A Fresh Cup is Mike Gunderloy's software development weblog, covering Ruby on Rails and whatever else I find interesting in the universe of software. I'm a full-time software developer: most of my time in recent years has been spent writing Rails, though I've dabbled in many other things and like most people who have been writing code for decades I can learn new stuff as needed.

As of July 2016, I'm looking for my next job. I'm not able to relocate, so unless you're in the Evansville area, I'd need a completely remote gig. I have lots of experience working remote. Prefer full-time but I wouldn't be averse to an interesting contact gig. Drop me a comment if you've got something or email MikeG1 [at] larkfarm.com.


A Fresh Cup

Notes on Rails and other development


Double Shot #454

Crossing fingers for a new contract today.


Double Shot #453

This would be a good day for a few things to get finished.

  • teachingkids - One of the new RailsBridge projects is getting moving.

  • GitHub Documentation - Looks like GitHub is working closely with rdoc.info to integrate docs now.

Double Shot #452

It's ark-building weather here; good time to stay inside and write code.


Twitter Screws Up

I don't often use this space to rant, but I'm up early with a small child and I'm a bit peeved at the moment. And my peevishness has something to do with software development, so it's moderately on-topic.

The target: Twitter, which in a "small settings update" decided to make things much less useful for those of us who use the service to discover new people. It used to be that if you followed Joe and he tweeted "@Mary: Like your new blog post on wombats" you'd see that update in your Twitterstream even if you didn't follow Mary (more precisely, you could turn on an option to make this happen). Then if you were interested in wombats, you could click through to @Mary's account and decide whether you wanted to follow her. Easy serendipity.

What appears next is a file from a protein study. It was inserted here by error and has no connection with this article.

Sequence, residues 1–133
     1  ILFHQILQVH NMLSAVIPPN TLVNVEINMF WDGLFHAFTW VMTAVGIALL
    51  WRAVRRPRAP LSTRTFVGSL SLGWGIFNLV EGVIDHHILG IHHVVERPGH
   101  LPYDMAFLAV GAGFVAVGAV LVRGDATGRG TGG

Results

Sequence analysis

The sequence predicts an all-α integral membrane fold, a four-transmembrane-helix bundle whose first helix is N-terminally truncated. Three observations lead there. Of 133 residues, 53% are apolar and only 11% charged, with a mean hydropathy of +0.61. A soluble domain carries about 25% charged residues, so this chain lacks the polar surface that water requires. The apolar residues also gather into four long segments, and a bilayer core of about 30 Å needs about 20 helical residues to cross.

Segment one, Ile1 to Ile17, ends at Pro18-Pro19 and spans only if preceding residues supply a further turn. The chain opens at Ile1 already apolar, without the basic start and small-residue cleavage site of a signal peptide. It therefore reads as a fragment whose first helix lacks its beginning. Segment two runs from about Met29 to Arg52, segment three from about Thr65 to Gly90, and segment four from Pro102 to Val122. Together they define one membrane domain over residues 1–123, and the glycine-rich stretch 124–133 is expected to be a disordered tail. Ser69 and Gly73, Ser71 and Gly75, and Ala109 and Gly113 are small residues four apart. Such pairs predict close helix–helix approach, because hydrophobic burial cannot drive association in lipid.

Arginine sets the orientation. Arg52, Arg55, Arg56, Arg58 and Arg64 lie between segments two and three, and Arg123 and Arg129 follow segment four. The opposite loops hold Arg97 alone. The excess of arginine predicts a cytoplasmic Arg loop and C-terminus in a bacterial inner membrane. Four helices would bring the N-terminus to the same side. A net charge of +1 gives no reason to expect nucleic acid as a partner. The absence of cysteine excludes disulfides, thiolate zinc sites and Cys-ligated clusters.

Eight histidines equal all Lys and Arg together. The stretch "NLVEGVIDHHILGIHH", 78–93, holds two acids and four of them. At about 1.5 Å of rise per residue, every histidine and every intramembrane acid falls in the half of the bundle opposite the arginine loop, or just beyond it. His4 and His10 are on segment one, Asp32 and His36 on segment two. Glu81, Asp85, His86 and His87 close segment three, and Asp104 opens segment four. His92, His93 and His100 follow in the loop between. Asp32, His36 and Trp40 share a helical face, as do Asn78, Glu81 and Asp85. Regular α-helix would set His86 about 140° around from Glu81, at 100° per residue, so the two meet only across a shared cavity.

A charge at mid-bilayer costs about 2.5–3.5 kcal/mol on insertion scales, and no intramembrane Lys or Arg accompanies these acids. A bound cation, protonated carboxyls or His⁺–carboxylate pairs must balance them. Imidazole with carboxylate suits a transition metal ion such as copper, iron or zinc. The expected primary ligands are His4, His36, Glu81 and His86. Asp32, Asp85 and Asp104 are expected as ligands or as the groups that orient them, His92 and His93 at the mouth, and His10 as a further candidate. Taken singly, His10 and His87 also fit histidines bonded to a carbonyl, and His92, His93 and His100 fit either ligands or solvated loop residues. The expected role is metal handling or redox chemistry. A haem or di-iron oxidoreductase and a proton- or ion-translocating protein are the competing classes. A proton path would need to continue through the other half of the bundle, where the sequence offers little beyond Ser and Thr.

Now the option is gone, "to better reflect how folks are using Twitter regarding replies" and a unilateral declaration that the old behavior is undesirable. Horseshit. If it's confusing to new users, then change the default for the setting, don't remove it entirely. Seems to me that one of two things is going on here. Either this change was necessary for performance reasons (in which case Twitter's spin on the issue is a lie), or else this is another instance of the pernicious developer arrogance that says "we know better than our users." Either way, it stinks.

Will this be the end of Twitter? Nope. But if the change isn't reversed (which will mean Twitter is deaf to the crescendo of #fixreplies tweets), it'll make the service less useful to a significant number of users. And that's a shame.

Update: In a new blog post, Biz writes: "The engineering team reminded me that there were serious technical reasons why that setting had to go or be entirely rebuilt." Compare that with the wording from the first post: "However, receiving one-sided fragments via replies sent to folks you don't follow in your timeline is undesirable. Today's update removes this undesirable and confusing option." It is difficult to come to any conclusion from those two statements other than the simple: Twitter lied.

I'll miss the feature. I'll miss even more the thought that I could trust Twitter to be open and transparent with its users.

Double Shot #451

Ah, the joys of small children with irregular sleep schedules.